Appendix I: Footnotes

[1] Administrator, Glia Society.

[2] Individual Publication Date: January 8, 2021: http://www.in-sightjournal.com/cooijmans-3; Full Issue Publication Date: May 1, 2021: https://in-sightjournal.com/insight-issues/.

*High range testing (HRT) should be taken with honest skepticism grounded in the limited empirical development of the field at present, even in spite of honest and sincere efforts. If a higher general intelligence score, then the greater the variability in, and margin of error in, the general intelligence scores because of the greater rarity in the population.

Appendix II: Citation Style Listing

American Medical Association (AMA): Jacobsen S. Conversation with Paul Cooijmans on Community Dynamics, Heterogeneous and Homogeneous Tests, and Qualification: Administrator, Glia Society (3) [Online]. January 2021; 26(A). Available from: http://www.in-sightjournal.com/cooijmans-3.

American Psychological Association (APA, 6th Edition, 2010): Jacobsen, S.D. (2021, January 8). Conversation with Paul Cooijmans on Community Dynamics, Heterogeneous and Homogeneous Tests, and Qualification: Administrator, Glia Society (3). Retrieved from http://www.in-sightjournal.com/cooijmans-3.

Brazilian National Standards (ABNT): JACOBSEN, S. Conversation with Paul Cooijmans on Community Dynamics, Heterogeneous and Homogeneous Tests, and Qualification: Administrator, Glia Society (3). In-Sight: Independent Interview-Based Journal. 26.A, January. 2021. <http://www.in-sightjournal.com/cooijmans-3>.

Chicago/Turabian, Author-Date (16th Edition): Jacobsen, Scott. 2021. Conversation with Paul Cooijmans on Community Dynamics, Heterogeneous and Homogeneous Tests, and Qualification: Administrator, Glia Society (3).” In-Sight: Independent Interview-Based Journal. 26.A. http://www.in-sightjournal.com/cooijmans-3.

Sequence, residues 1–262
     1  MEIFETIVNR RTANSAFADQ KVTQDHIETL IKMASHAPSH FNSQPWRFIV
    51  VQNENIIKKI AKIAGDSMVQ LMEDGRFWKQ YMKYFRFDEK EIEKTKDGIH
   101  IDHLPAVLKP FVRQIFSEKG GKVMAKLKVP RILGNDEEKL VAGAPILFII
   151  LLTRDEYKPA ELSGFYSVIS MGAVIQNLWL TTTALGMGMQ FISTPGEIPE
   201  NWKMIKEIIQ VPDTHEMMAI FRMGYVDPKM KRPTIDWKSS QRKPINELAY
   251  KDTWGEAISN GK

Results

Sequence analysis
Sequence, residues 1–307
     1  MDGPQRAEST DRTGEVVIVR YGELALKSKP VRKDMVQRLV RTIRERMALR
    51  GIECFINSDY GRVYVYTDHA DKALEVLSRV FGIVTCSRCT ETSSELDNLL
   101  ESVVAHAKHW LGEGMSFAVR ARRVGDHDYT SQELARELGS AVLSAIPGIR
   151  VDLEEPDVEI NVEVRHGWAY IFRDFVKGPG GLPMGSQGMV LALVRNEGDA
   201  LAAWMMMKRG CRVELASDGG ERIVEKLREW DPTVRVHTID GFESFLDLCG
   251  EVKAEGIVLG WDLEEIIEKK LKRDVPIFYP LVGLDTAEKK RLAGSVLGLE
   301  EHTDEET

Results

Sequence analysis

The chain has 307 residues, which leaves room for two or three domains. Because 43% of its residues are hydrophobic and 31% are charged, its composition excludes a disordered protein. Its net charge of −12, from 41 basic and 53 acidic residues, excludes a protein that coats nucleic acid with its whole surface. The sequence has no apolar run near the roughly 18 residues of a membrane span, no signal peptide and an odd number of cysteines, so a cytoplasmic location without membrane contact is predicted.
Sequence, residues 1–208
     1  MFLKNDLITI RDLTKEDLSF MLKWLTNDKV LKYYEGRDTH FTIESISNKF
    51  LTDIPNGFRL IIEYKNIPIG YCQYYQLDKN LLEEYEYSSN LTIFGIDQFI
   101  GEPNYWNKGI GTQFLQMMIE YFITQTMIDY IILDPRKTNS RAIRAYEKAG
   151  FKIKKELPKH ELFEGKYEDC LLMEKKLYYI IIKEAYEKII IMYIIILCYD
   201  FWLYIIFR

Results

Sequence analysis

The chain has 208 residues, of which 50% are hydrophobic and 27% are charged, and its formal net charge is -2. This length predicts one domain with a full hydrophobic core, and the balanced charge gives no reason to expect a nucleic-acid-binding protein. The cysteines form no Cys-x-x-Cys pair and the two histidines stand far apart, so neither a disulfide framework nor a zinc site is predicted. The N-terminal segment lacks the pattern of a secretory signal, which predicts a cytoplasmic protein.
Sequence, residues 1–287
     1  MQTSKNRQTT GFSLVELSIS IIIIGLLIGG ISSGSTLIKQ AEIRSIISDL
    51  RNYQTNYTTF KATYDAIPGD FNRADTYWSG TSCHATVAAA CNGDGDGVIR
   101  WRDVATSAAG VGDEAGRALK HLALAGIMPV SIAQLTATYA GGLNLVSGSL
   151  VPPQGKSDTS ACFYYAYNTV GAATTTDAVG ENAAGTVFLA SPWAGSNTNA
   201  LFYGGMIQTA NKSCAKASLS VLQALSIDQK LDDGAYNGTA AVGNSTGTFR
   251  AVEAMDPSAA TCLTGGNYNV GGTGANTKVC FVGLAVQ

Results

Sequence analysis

Chicago/Turabian, Humanities (16th Edition): Jacobsen, Scott ”Conversation with Paul Cooijmans on Community Dynamics, Heterogeneous and Homogeneous Tests, and Qualification: Administrator, Glia Society (3).” In-Sight: Independent Interview-Based Journal. 26.A (January 2021). http://www.in-sightjournal.com/cooijmans-3.

Harvard: Jacobsen, S. 2021, ‘Conversation with Paul Cooijmans on Community Dynamics, Heterogeneous and Homogeneous Tests, and Qualification: Administrator, Glia Society (3)’In-Sight: Independent Interview-Based Journal, vol. 26.A. Available from: <http://www.in-sightjournal.com/cooijmans-3>.

Harvard, Australian: Jacobsen, S. 2021, ‘Conversation with Paul Cooijmans on Community Dynamics, Heterogeneous and Homogeneous Tests, and Qualification: Administrator, Glia Society (3)’In-Sight: Independent Interview-Based Journal, vol. 26.A., http://www.in-sightjournal.com/cooijmans-3.

Modern Language Association (MLA, 7th Edition, 2009): Scott D. Jacobsen. “Conversation with Paul Cooijmans on Community Dynamics, Heterogeneous and Homogeneous Tests, and Qualification: Administrator, Glia Society (3).” In-Sight: Independent Interview-Based Journal 26.A (2021): January. 2021. Web. <http://www.in-sightjournal.com/cooijmans-3>.

Vancouver/ICMJE: Jacobsen S. Conversation with Paul Cooijmans on Community Dynamics, Heterogeneous and Homogeneous Tests, and Qualification: Administrator, Glia Society (3) [Internet]. (2021, January 26(A). Available from: http://www.in-sightjournal.com/cooijmans-3.